James P. Gray is a retired judge of the Orange County Superior Court. Hanna Liebman Dershowitz is an attorney in Culver City and a member of the Proposition 19 legal subcommittee. Their guest column supporting Prop. 19 appears in the Orange County Register.
We’ve tried marijuana prohibition for three-quarters of a century, and all-out war in the last four decades. These policies manifestly don’t work. What’s next? Let’s try something that heralds a new era of pragmatic, reasoned policies – Proposition 19. Here is what it will do and what it will not do.
Prop. 19 treats marijuana more like alcohol, letting adults possess or grow small amounts for personal use. And it authorizes local governments – only if they choose – to regulate and tax production and distribution. What Prop. 19 does not do: it doesn’t authorize any employee to use marijuana on the job, nor stand in the way of an employer firing someone whose work is affected by marijuana. Suggestions that Prop. 19 legalizes smoke-filled workplaces are simply uninformed and silly. The initiative clearly states that prohibitions on controlled substances in the workplace remain intact. Applicable court decisions underscore that. And several sections in the initiative explicitly preserve present laws against operating vehicles, in an employment context and otherwise. These provisions apply to consumption while driving or that renders the driver impaired. Assertions that these provisions allow use “right before climbing behind the wheel” are also silly.
Detractors appear to be worried about a narrowly crafted clause in the proposition that requires there to be some impairment of job performance for an employee to be disciplined or fired, protecting off-the-job use that has no effect on the workplace. But the effect of this clause is as it should be. You’re allowed to own a dog or drink alcohol off the job, but employers can regulate these activities in the workplace – same here.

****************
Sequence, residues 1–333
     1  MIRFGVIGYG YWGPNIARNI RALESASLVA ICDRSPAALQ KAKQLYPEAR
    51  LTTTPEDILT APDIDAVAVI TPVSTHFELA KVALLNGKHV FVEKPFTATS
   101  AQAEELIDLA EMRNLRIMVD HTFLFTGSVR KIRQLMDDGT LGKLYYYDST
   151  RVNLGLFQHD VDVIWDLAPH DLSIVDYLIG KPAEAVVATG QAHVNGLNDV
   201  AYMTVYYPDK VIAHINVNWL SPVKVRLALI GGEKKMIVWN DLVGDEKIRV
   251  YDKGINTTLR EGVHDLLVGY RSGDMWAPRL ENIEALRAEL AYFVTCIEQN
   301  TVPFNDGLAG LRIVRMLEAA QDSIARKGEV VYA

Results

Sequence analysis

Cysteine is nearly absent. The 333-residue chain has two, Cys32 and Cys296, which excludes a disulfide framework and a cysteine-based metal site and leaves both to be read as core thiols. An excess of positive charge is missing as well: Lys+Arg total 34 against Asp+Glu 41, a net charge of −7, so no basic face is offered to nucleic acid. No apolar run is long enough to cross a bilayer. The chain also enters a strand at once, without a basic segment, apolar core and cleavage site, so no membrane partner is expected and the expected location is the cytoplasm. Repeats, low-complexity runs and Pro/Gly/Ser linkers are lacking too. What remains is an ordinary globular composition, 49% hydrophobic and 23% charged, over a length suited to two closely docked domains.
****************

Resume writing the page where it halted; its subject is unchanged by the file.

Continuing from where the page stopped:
Alarmist opponents raise the specter of a “protected class” of marijuana users because of the protective clause. But the clause is not scary. The protection extends only to activity authorized by the Act, which does not include driving while impaired by marijuana, or using marijuana in the workplace. To be absolutely clear, there will be no change at all in terms of workplace controls on driving or operating heavy machinery in workplaces – the school buses will stay as safe as they are today.
For years, prohibitionists have based marijuana laws on the assumption that all use is abuse, but this is as untrue as it is with alcohol. By identifying impairment as the condition that triggers workplace sanctions, Prop. 19 challenges the notion that use and abuse of marijuana are one and the same.
The other issue raised by opponents is road safety. Because driving laws will not change at all, officers will face the same challenges as today in determining whether drivers are competent. Sadly, no laws will prevent some people from turning that ignition key even if they are exhausted, angry or impaired by prescription drugs, illegal drugs or alcohol.
While research has shown marijuana is not as dangerous a road factor as alcohol, an added challenge with marijuana has been the lack of a simple roadside test that can determine sobriety. Luckily, that challenge is already being lessened by advances in technology. Oral swab tests that indicate recent use of marijuana are being marketed today, and may come into wider use in the future. Meanwhile, even the widespread adoption of Breathalyzers has not replaced field sobriety tests in evaluating impairment.
California has the highest number of trained drug recognition experts, and recently announced it would spend more on checkpoints than any state has ever spent. The only thing that will improve roadway safety is changing attitudes and enforcing the laws. And though technology will lessen concerns about marijuana road safety, we didn’t wait for Breathalyzers to end alcohol prohibition. These are problems of today and tomorrow, irrespective of Prop 19.
Let’s get back to work on things that matter in California. Let’s get back to work, period, with legitimate jobs and the promise of savings and new revenues that can preserve California’s crumbling institutions. Today, marijuana is California’s largest cash crop, yet is unregulated and untaxed. Let’s stop using a policy of prohibition that just does not work. We deserve better, and we can choose a better system on Nov. 2 by voting yes on Prop. 19.